Coffee Tree Farming

Financial Care for Coffee Farmers

Price of Coffee

The speculative, worldwide, coffee market creates boom and bust cycles that wreak havoc in the lives of coffee farmers. The Rogers Family Company has taken a unique and compassionate approach to this problem. During the late 1990s and early 2000s, the price of coffee was at an all time low, causing many farmers to go out of business after their banks foreclosed on their land.

Coffee Country

Farms were left vacant and the coffee trees were left to die. Workers who depended on the farms left their families and migrated to overcrowded and polluted cities. While a few of the more conscientious coffee roasters occasionally threw a few cents at the problem, most importers and roasters did nothing but enjoy high profit margins from contracts that were fixed to historically low, coffee commodity prices.

Coffee Tree Farming

Rather than take advantage of the situation, we negotiated fixed price contracts directly with farmers that guaranteed a profit for the farm. This way, the farmers could stay in business and workers could continue to earn a living near their homes and families. Today, coffee prices are on the rise, but our fixed contracts ensure long-term relationships and farm viability. This leads to well-tended coffee trees that produce only the very highest quality coffee beans.

Rogers Family Fairly Traded Coffee

When you see the Rogers Family “Fairly Traded” certificate on your coffee bag, you can be assured that this coffee was purchased with care and concern for coffee communities around the world.



  1. Eric Strayer 6 September, 2012 at 08:30 Reply

    Actually, this sentence seems to be a contradiction: “Today, coffee prices are on the rise, but our fixed contracts ensure long-term relationships and farm viability.”

    Doesn’t that mean that when prices are high (now?) that these farmers are not benefitting from the market price? Of course, on the other hand, I admit that stability and security may outweigh this event.



    • RogersCoffee 6 September, 2012 at 10:17 Reply

      Dear Eric,

      Thank you for visiting our blog!

      In regards to your inquiry, we have direct relationships with all of our coffee farmers in which we have negotiated fixed-rate contracts that pay them fair prices. Fixed-rate contracts are not entirely reflective of the market price for coffee. However, we do take the current state of the market into account when arriving at a fair price.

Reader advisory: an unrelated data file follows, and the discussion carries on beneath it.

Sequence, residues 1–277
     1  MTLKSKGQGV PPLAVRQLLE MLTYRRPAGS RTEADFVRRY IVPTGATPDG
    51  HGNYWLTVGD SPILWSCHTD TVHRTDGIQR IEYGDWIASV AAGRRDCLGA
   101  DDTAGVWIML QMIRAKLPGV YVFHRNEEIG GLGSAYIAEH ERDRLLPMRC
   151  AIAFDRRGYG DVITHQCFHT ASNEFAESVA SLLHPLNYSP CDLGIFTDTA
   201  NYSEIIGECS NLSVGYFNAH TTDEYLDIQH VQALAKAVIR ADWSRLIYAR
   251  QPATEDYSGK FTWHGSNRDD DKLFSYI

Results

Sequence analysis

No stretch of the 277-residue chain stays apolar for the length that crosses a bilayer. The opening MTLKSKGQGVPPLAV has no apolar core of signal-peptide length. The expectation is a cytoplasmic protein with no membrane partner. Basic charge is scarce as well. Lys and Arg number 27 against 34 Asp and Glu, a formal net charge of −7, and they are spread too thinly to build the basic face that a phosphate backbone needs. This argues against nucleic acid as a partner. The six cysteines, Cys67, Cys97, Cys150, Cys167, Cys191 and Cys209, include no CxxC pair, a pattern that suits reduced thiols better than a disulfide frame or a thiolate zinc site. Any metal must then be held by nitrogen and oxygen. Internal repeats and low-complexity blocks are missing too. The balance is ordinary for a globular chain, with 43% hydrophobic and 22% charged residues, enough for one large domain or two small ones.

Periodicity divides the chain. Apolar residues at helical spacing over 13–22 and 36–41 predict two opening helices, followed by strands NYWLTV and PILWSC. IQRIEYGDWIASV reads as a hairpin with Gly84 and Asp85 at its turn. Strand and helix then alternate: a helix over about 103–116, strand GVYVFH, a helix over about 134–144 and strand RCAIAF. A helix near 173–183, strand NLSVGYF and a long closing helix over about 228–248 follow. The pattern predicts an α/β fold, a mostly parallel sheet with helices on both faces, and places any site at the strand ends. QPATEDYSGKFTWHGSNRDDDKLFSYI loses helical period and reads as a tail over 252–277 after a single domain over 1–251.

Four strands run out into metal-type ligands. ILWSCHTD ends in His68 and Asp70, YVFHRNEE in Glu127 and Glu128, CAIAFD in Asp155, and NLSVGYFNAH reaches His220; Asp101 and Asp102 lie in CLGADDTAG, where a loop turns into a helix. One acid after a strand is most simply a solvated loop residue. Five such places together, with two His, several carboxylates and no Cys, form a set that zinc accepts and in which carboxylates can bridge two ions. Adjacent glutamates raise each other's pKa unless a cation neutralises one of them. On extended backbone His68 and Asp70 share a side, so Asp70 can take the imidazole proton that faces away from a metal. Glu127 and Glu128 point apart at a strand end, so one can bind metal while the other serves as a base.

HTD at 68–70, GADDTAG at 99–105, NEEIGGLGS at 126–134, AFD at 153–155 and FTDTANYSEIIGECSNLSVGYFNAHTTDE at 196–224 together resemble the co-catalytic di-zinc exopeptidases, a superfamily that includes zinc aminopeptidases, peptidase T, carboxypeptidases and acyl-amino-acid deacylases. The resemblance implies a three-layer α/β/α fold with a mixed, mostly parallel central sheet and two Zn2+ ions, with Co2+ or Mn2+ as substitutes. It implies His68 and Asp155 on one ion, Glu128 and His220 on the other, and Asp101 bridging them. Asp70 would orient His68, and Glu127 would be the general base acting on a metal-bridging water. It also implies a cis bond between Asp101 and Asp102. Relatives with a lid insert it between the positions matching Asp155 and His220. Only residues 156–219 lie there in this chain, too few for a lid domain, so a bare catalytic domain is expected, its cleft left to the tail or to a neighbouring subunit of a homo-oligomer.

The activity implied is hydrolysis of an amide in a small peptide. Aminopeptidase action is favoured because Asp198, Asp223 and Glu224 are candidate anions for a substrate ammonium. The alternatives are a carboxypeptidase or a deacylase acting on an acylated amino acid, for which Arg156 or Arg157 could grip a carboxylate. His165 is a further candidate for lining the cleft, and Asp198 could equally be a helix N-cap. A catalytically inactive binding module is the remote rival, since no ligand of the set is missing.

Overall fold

Farmers may not benefit completely from high market coffee prices, but these are almost always temporary events. On the other hand, our practice protects farmers from extended periods of low prices, which has happened quite a lot. What we are trying to do is not only provide a fair and livable price that guarantees profit, but “smooth out” these fluctuations, so the farmer can budget for the year, and the future. For instance, if Brasil, the largest producer in the world, has a huge crop and drives prices down, this impacts the little guys in other countries.

      Oftentimes, when selling on the open market, the farmer will have to borrow money when, at harvest time, prices are low. And the cost of borrowing is 18%-20%! This can create a problem from which a farmer can never recover.

      We ensure that each farm from which we purchase coffee can remain in business and realize a profit, and that each worker can maintain a comfortable standard of living, whether the market price for coffee is soaring or tanking.

      Our prices have been higher than market prices for 10 of the last 12 years. We have helped thousands of farmers, and tens of thousands of people, over this time.

      Please contact Jim Rogers directly if you have further questions at

      • Eric Strayer 6 September, 2012 at 15:24 Reply

        Good answer. Heck, good that you actually answered! I guess as long as we are stuck in the current “late capitalist”* paradigm this is as good as it will get. I still sense “hedging” or betting against the producer, but your tenor indicates otherwise. Oh, nice coffee by the way and surprisingly competitively priced.

        Thanks again for the response.


        *More on that later if ever.

      • Eric Strayer 7 September, 2012 at 08:25 Reply

        It seems that being still stuck in the economic paradigm we are in, you are doing the best you can. Kudos.
        I like the coffee.
        I like your politics.
        I’m not keen on your packaging. Far too much plastic, at least in the grocery store product. I don’t know if I have an answer, but there are a hell of a lot of smart people in the world. Maybe ask.

        Best, and thanks for listening.


        • RogersCoffee 7 September, 2012 at 13:29 Reply

          Thanks for sharing your perspectives, Eric. I don’t like it either. It is a major letdown. However, it is important that the coffee stay fresh. Current technology only allows that with plastics. We have been working on corn-based packaging for the last few years. We don’t have it yet, but hopefully soon.

          Jim Rogers

Leave a reply